Looking back on…American Hustle

American Hustle (2013)
Directed by: David O’Russell
Starring: Christian Bale, Amy Adams, Bradley Cooper, Jennifer Lawrence, Jeremy Renner
Written by Nathan
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The first draft of this review initially featured the following line and the following line only; ‘American Hustle is the good type of batsh*t crazy cinema you want’. I feel that Sarah was after a little more sophistication for this ‘Looking Back On’ series though, what with it revolving around the most glamorous time of year for film, so here we go…

‘American Hustle’ steamrolled into the award conversation upon its release in 2013, positioning itself as an early front-runner and scooping up a mammoth ten Oscar nominations across all acting and major categories. Come the day of the 86th Academy Awards in 2014 however, the film walked away empty-handed, unceremoniously receiving the title of ‘the second most nominations for a single film without a win’. Christian Bale, Bradley Cooper, Amy Adams, Jeremy Renner and Jennifer Lawrence star as the ensemble of David O’Russell’s black comedy drama that, essentially, was consistently great but never truly ruled award season supreme. Rather than for its Oscar glory, the film is seemingly now more renown for the controversy sparked over the pay gap between its male and female stars – but how does the film really size up to the competition and is snubbing the film of any wins unforgivable?

It’s four-quadrant Academy acting nominations for Bale, Adams, Cooper and Lawrence only begins to explain the power, charm and downright blast this A-Class cast of talents has. Christian Bale becomes the slimy, greasy con man, Irving Rosenfeld, with a little too much ease, with his eyes firmly fixed on all the money he can get his hands on, starting an affair with Amy Adams’ Sydney Prosser to assist his ascent, who uses her own female wiles to seduce the men in her life with a sophisticated balance of intelligence and good looks for measure. Between them (although the latter in particular shines) they masterfully devise the toxic chemistry of Irving and Sydney that is every bit as compelling as it is disastrous, perfecting the strengths and weaknesses that this business-come-pleasure relationship precipitates, including the potential for failure caused not by possible mistakes – they are, after all, too professional for that – but because of their own vanity and egos. A film like this could be so wrong, but it instead feels so right because it nails this central relationship expertly.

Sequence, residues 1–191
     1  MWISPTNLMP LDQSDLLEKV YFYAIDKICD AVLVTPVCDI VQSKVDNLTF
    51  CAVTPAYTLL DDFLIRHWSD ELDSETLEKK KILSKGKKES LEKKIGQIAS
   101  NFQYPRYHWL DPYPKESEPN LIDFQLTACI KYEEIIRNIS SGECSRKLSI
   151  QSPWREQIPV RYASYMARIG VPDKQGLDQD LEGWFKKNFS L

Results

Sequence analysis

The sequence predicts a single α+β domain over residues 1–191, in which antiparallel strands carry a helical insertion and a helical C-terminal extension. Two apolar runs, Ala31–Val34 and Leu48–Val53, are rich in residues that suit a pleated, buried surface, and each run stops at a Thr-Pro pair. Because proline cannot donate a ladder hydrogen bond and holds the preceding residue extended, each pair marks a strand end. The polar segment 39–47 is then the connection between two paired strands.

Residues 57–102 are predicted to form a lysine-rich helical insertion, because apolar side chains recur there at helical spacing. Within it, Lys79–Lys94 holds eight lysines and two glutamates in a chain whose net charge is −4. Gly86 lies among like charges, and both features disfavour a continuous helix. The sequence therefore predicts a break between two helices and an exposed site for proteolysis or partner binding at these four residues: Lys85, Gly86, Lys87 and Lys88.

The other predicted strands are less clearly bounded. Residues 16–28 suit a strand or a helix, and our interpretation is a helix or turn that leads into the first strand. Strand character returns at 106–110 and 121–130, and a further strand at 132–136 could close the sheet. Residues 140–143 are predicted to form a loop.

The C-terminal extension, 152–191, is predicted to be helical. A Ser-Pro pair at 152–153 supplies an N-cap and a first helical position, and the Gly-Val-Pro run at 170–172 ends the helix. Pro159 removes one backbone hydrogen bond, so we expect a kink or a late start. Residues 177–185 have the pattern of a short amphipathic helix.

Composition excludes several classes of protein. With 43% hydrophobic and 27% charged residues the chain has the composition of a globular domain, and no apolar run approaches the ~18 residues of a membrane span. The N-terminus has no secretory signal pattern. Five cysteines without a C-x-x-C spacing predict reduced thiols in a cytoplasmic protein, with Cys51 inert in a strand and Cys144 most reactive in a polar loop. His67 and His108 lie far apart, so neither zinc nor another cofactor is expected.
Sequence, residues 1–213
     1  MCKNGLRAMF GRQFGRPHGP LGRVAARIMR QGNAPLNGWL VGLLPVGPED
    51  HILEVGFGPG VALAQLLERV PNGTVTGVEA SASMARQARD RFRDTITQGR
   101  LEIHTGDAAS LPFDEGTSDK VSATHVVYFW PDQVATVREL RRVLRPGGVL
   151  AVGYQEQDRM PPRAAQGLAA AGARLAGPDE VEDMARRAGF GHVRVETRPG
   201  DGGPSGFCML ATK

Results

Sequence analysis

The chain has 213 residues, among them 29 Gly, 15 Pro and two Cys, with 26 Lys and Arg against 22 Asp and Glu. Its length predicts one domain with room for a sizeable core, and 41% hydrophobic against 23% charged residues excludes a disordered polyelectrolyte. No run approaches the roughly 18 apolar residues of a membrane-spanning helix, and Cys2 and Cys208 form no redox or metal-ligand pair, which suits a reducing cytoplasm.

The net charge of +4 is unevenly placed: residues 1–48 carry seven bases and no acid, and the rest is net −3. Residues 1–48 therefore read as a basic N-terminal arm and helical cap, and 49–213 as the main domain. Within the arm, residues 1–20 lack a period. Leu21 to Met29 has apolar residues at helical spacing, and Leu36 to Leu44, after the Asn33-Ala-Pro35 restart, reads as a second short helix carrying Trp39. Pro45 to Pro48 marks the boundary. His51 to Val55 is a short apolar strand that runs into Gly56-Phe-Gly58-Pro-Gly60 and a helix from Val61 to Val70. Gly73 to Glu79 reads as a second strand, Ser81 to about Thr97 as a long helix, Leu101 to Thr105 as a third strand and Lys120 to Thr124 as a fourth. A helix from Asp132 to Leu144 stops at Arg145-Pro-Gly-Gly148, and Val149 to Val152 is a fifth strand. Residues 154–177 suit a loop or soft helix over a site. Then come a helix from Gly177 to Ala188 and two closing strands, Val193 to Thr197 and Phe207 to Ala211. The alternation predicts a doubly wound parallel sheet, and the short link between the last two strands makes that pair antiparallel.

Straddling the lead-come-supporting actor boundary, Bradley Cooper delivers an impassioned and ambitious performance as FBI agent Richard DiMaso, providing a hilarious and tense turn that continues his terrific run of award season success both before and after the fact. Jeremy Renner brings his best performance to date, even though his character is perhaps the most weakly-realised and thinly-sketched of the five, but he still manages to craft a conflicting performance that leaves the audience questioning how they should feel towards him. However, and despite existing in a glorified cameo capacity, this is Jennifer Lawrence’s show through and through. Commanding every scene she features in, her comedy muscles are put to the test, flexed and passed with flying colours, with her “Live and Let Die” scene serving as the absolute stand-out of the entire 138 minute runtime. Manipulative and savvy, Lawrence’s Rosalyn Rosenfeld is a scheming machine that is very often, surprisingly, the cleverest in the room and for certain the most entertaining. More roles like this for Miss Lawrence, please – she is simply incredible.

Each and every one of these characters is so deeply flawed in their ideologies and actions – we really shouldn’t like them, as they very often represent the worst elements of the American Dream – but O’Russell’s screenplay cunningly depicts them in their most fragile state. It slowly peels the covers back on their consciences which allows the audience to see sparks of their humanity beneath their confident, unscrupulous facades; from Rosalyn’s “I don’t like change. It’s really hard for me. Sometimes I think that I’ll die before I change” to Sydney’s “you’re nothing to me until you’re everything”, these characters are so intricate and complex, crafted to evoke a genuine emotional response from audiences who are genuinely connected to them. So often, deplorable characters such as those that populate ‘American Hustle’ are the crucial downfall to similarly-themed pictures, exemplified with lamentable films such as ‘Gold’, ‘War Dogs’ and (for me, at least) ‘The Big Shor’t in the past eighteen months, yet ‘American Hustle’ overcomes the difficulty by fleshing-out these difficult characters into ones viewers can stand behind, albeit from a distance.